veral other learned Societies. 5 Vols. Paris. Deterville. THI HIS is a work which cannot fail to prove interesting to mine

. ralogills. The author has been as far as the extremity of Siberia, on the borders of China, for the purpose of studying minerals, and even resided in that distant part of the world for the space of eight years.

His descriptions new that he has paid a deep attention to his subject, and that his abilities are equal to his perseverance,

Homage au Premier Consul Bonaparte ; i. e. Homage to the First Conful

Bonaparte. By Sacombe. Paris; fold by the Author at the College of Men-Midwives, Gît-le-Cæur-street, No. 15, 9th Year.

12mo. Pp. 17. IN 'N the course of our critical labours, we have often had occasion to

repeat the old motto-Ne futor ultra Crepidam : but in no one inftance have we found it more applicable than in the present. When we observe a man of eminence in his profession, a man whose exertions for the relief of his fellow (female citizens, have been so often crowned with success, abandoning those duties which render him an useful member of society in order to become the eulogist of an usurper of the government of his country, we feel sentiments of pity at fuch a flagrant instance of human degradation. Such a man is Sacombe, a surgeon and man-inidwife, celebrated for his opposition to the progress of the Cæfarean operation, for establishing what he called the Anti-Cæfarean School, and for entering into a contest fome time since fimilar to that which took place about the same period in this couiltry, between Dr. Hull and Mr. Siminons, of Manchefter.

With respect to the poem, the following burden, which occurs af least twenty times in seventeen pages, will be fufficient to fix the opinion of our readers :

“ Vive, vive à jamais le grand Bonaparte

* Rotaurateur des lois, et de la liberté !" and the eulogy of bis school is frequently corabined with that of his idol."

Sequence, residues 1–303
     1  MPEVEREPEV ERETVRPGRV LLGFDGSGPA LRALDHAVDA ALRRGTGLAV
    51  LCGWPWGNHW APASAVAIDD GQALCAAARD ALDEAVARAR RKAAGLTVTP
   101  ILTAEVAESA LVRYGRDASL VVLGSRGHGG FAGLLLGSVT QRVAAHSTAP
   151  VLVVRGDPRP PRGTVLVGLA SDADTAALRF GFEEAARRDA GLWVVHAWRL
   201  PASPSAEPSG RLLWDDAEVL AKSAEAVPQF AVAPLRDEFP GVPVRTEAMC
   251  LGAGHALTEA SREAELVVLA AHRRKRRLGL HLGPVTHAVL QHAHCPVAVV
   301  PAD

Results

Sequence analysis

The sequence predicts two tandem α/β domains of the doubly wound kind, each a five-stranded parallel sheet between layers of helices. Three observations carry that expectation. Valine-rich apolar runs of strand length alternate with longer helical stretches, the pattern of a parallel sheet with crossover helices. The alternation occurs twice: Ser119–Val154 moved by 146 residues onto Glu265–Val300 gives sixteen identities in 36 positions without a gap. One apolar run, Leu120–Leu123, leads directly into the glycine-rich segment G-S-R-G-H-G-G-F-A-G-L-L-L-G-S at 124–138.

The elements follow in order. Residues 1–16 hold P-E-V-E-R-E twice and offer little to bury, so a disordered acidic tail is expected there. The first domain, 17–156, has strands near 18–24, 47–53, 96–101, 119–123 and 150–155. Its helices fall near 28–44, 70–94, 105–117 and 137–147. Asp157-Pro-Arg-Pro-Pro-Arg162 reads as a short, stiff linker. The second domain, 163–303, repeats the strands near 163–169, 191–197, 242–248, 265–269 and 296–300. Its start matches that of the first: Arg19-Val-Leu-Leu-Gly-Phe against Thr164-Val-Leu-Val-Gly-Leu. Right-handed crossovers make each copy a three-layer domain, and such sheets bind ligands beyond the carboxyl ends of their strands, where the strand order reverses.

Without any pretensions to witchcraft, we many venture to predict that this citizen will never be fuch a proficient in poetry as he is in the obstetric art. What a pity then, that he has laid aside the forceps to alluine the reins of Pegasus; and what a pity likewise that lic is not a military man, for the Conful would then have an opportunity of rewarding him with that favour which he bestows on extraordinary merit with such a liberal hand :--we mean the Brevet il' Honucur!


Materialien für die Staatfarzneiwissenschaft und praktische Heilkund:

i. e. Materials for the Medical Police and Practical Medicisie. Published by M. J. H. T. Schlegel, Public Phyfician to the Town and Bailiwick of Ilinenau. First Colle&tion. 8vo. Pp. 182. Jena,

Göpferde. 1800. THIS affemblage of facts and observations cannot be perused with

out advantage by students in medicine, nor even by practical physicians. Among other articles, contained in the volume, are, a report upon a singular kind of murder, with the opinion of the faculty of Jena ; a memoir on the analysis of a preparation of tobacco, made at the request of the magistracy of Ilmenau ; various psychological observations, viz. on an instance of suicide committed by a man, in order to liberate himself from the capricious temper of his wife, on the mental state of a inan whose capacity of difpofing of his effects had been disputed; different accounts relative to the Itate of health of prisoners attacked with epilepsy, hysteria, &c. on a chronic diarrhoea, produced by an extraordinary cause, and rendered mortal by the medicines employed; on a species of colic cured by opium ; and another cured by alum; an history of the cure of a pulmanary consumption ; a cure of the cornea of a child, which was burned by his brother having inadvertently conveyed a light too near his eyes. In this instance, the cornea which was half destroyed, had a papyraceous appearance, and lost its transparency. The author effected a cure in the space of three days, by poaring into the diseased eye, several times a day, a fimall quantity of a mixture, confilting of twelve drops of Goulard's solution and two drams of cold water, and covering the eye with a comprefs steeped in the fame mixture.



- Kurze Beschreibung der gefährlichften Giftpflanzen, i.e. A concise Defcription of the most common Deleterious Plants; for the Use of Chile dren and Persons un acquainted with Botany. By J. H. A. Dunker, Prelate' of Kathenau ; published in Numbers by Leich, at Brandenburg, and containing Engravings coloured from Nature.

HE author of this useful work, being convinced from expe

rience of the confequences resulting from an imperfect know. ledge of the different poisondas plants, formed the reclution of in